The first Sunday after my diagnosis, my mom and I decided to go to church. It was during a cancer fund-raising campaign, and on the cover of the program was a picture a daffodil, along with words describing how we miss our loved ones who didn't make it. That touched a chord and made me cry. And when the pastor introduced communion, both my mom and I started to bawl our eyes out – she cried because she didn't want to lose another child, and I cried because I wasn't ready to die.

Beating cancer through visualization
When the pastor learned of my diagnosis, he gave me a copy of Getting Well Again by Dr. O. Carl Simonton. The book discusses using visualization techniques to conquer cancer. I started practising some of these techniques. In my mind, I would send in little Pac-men to gobble up the cancer and create healthy cells in their place. These exercises gave me the strength to face the following days and months.

After a battery of tests – blood work, X-rays, a bone marrow biopsy and a lymphangiogram (where dye is injected into the lymph system) – I was admitted to the hospital for a procedure to determine the extent of the Hodgkin's and involvement of the organs. After the test results came back, I was told that I needed 40 radiation treatments. According to my doctor, I would lose most of my hair; experience burns inside my throat and under my arms; lose my appetite; have a dry mouth; have problems with my bowels; probably become sterile; lose weight and strength; and possibly lose some lung function. I would also have to cope with the daily commute to and from Vancouver for treatments.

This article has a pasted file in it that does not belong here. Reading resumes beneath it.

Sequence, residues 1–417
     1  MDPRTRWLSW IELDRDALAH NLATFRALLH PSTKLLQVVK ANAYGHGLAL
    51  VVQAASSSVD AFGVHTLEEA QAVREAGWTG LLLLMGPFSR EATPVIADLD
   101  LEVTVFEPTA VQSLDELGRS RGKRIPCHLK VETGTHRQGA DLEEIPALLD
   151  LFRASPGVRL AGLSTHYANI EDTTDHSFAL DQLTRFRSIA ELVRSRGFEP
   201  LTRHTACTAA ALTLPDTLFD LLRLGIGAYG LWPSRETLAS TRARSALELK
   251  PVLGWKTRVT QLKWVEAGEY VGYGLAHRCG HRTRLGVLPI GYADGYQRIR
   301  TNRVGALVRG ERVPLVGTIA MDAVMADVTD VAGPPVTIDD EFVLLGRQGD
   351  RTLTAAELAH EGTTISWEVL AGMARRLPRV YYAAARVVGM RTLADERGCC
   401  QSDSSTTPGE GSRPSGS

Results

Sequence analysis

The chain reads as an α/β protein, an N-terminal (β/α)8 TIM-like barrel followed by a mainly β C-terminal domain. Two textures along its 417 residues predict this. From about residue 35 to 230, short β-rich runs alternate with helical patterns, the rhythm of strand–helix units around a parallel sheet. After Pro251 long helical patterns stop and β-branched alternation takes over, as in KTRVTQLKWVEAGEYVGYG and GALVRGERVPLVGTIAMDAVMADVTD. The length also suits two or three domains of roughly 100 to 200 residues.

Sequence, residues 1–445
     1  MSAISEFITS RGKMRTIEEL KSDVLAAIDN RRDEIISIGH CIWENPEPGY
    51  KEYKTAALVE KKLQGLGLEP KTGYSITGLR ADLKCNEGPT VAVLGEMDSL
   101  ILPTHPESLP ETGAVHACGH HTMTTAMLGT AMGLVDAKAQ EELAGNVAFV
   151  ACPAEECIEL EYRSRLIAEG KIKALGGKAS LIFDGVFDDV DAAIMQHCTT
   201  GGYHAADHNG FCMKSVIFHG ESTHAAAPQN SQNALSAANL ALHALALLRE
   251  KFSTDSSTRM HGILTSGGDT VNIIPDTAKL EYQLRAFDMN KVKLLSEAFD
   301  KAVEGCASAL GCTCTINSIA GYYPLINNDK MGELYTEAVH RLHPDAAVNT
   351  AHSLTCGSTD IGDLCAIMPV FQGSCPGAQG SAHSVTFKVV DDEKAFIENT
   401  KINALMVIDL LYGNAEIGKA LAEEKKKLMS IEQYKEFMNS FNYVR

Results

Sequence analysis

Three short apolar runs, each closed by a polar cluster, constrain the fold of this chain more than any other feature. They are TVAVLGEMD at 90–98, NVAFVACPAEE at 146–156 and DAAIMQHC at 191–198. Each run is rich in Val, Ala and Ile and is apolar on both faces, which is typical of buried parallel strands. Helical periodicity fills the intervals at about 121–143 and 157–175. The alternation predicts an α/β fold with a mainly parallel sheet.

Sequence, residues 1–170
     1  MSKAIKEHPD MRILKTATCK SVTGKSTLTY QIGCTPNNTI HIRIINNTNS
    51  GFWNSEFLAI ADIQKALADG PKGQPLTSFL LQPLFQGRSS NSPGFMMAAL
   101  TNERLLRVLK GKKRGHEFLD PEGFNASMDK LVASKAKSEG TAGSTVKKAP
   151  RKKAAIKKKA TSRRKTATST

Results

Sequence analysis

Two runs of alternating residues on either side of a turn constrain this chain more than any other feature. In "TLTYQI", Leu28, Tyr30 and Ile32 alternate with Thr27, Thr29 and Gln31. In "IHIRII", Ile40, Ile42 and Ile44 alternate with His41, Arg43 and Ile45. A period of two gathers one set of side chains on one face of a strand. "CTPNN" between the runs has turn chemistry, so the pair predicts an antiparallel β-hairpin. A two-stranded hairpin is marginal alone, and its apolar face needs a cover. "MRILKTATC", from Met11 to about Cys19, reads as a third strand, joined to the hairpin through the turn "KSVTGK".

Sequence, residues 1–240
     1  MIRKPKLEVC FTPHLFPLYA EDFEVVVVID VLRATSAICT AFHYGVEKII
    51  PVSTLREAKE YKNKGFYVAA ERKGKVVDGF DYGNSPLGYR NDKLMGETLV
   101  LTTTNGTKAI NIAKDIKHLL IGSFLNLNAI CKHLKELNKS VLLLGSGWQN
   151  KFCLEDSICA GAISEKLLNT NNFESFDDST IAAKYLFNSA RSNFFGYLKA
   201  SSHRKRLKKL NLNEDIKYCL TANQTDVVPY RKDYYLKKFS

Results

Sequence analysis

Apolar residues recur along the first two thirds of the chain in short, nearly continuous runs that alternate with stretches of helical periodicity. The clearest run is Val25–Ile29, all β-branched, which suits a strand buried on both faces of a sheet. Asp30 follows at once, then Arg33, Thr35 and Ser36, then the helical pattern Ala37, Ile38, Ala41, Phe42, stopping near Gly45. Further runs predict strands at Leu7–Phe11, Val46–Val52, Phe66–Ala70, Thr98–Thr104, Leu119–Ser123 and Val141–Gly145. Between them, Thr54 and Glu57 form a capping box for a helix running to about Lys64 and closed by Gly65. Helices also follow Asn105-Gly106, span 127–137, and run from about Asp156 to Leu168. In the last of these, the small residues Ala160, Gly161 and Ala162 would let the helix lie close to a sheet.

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At home, the money troubles continued. I was unable to work, and Gord still couldn't find a job. Our relationship was further strained because we didn't know whether or not I would survive.